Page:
Labour shortages, inflation, longer life expectancy, a simple desire to stay active . . . there are various reasons why people choose to continue working or to return to the workforce. However, it’s common belief that doing so is just not worth it financially. Myth or reality?
Let’s go over some related issues with Luc Godbout, tax advisor and Chairman of taxation and public finance at Université de Sherbrooke.
His first observation? The employment rate for 20-59-year-olds is higher in Quebec. For the 60-64 and 65-70-year-old age groups, however, there is a significant drop and gap. “In Quebec, people retire a little earlier than in the rest of Canada.”
The phenomenon is amplified by two factors: “Quebec had a more pronounced baby boom than other provinces.” As such, in the 80s and 90s, in anticipation of employment obstacles for future generations, successive governments encouraged baby boomers to move up their retirement—with the average retirement age dropping as low as 58.4 in 1990!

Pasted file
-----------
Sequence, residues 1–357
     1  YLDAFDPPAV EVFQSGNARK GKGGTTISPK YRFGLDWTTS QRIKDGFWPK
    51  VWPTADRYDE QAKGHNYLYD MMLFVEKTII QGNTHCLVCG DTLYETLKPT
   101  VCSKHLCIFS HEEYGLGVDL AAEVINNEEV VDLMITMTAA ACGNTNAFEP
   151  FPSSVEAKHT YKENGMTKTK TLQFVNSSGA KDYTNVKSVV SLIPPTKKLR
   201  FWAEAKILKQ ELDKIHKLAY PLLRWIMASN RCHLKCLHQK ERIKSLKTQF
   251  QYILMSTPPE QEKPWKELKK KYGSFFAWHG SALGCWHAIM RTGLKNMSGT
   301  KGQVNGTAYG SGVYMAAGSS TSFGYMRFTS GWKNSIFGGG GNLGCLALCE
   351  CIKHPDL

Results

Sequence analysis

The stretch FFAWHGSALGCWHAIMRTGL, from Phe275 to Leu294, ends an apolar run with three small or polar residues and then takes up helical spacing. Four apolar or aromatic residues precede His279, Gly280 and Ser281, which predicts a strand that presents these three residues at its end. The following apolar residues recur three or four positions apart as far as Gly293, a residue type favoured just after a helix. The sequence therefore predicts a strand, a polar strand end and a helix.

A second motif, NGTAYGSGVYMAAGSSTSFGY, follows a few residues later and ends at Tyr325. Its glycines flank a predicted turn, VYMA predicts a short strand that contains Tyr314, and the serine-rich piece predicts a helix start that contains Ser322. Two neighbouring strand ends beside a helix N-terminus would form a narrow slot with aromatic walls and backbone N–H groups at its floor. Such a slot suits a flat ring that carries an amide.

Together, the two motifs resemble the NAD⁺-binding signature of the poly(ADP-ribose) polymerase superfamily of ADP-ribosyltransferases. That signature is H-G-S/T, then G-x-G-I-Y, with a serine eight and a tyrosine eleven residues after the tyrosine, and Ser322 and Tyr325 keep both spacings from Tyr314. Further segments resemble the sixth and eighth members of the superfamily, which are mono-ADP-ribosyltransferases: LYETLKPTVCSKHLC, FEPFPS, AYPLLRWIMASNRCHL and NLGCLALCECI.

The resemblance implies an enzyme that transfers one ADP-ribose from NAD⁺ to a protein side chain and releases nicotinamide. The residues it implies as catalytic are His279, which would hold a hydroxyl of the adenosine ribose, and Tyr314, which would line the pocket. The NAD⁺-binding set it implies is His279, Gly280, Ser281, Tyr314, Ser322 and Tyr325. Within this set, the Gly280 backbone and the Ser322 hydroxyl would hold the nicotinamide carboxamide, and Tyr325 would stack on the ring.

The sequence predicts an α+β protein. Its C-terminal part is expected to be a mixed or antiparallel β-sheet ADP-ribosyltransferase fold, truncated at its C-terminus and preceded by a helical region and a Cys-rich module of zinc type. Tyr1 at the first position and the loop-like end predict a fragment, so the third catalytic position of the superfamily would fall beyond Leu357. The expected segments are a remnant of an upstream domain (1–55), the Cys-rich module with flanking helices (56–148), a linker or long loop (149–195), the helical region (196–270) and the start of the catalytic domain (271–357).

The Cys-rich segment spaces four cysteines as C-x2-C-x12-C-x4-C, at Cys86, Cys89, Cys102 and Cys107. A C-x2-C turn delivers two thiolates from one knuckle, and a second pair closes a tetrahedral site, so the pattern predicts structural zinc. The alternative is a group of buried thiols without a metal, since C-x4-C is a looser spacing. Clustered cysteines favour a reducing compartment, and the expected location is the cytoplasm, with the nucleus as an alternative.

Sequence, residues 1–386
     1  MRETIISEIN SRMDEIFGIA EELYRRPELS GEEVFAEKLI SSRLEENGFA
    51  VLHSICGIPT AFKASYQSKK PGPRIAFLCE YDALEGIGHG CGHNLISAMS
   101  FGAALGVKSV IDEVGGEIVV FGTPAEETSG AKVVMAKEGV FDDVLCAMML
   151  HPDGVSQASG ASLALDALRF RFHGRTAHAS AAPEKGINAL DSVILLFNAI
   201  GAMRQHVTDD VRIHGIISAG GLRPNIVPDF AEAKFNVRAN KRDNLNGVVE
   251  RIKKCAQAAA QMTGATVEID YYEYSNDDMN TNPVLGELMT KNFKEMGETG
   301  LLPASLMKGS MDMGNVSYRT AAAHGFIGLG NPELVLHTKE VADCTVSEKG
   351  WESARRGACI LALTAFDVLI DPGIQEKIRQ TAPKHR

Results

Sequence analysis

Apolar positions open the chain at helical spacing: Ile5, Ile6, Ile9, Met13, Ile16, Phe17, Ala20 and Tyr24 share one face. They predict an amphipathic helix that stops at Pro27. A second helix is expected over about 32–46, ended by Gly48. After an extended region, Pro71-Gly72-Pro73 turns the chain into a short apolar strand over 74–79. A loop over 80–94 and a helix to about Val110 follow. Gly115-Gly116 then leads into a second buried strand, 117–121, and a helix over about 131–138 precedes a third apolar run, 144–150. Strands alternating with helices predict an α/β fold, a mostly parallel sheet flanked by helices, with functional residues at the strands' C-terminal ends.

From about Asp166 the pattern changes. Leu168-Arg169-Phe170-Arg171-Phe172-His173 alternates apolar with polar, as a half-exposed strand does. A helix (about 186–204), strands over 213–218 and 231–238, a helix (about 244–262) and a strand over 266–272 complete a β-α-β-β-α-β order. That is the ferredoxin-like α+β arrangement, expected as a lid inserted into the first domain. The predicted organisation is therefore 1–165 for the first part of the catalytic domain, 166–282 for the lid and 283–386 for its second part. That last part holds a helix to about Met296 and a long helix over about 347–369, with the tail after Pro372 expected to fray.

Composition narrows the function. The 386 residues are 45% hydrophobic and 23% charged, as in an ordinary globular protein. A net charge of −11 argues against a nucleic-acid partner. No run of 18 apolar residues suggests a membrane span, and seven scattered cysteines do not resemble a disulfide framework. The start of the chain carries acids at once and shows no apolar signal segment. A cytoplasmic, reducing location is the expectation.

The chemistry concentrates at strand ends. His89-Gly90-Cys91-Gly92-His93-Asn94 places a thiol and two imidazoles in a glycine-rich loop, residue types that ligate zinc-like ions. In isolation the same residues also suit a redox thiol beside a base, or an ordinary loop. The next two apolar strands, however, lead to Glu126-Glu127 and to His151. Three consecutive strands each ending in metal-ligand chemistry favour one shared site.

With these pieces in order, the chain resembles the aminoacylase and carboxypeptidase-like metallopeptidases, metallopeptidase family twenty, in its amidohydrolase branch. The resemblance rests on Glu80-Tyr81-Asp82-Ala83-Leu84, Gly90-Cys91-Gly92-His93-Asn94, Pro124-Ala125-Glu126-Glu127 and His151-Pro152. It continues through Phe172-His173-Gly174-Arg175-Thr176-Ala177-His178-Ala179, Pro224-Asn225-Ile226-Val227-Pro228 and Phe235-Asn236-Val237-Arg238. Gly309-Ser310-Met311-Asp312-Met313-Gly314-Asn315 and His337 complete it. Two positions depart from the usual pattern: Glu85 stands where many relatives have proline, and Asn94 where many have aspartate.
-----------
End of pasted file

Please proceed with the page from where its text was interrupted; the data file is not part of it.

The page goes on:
Another factor affecting retirement age is the unionization rate: “Generally speaking, their retirement plans are more beneficial to early departures than for other workers. This is true everywhere in Canada, but even more so in Quebec,” Godbout says.
How can we turn this around?
According to Godbout, by bringing workers back to the workforce and delaying their retirement. But it needs to be profitable!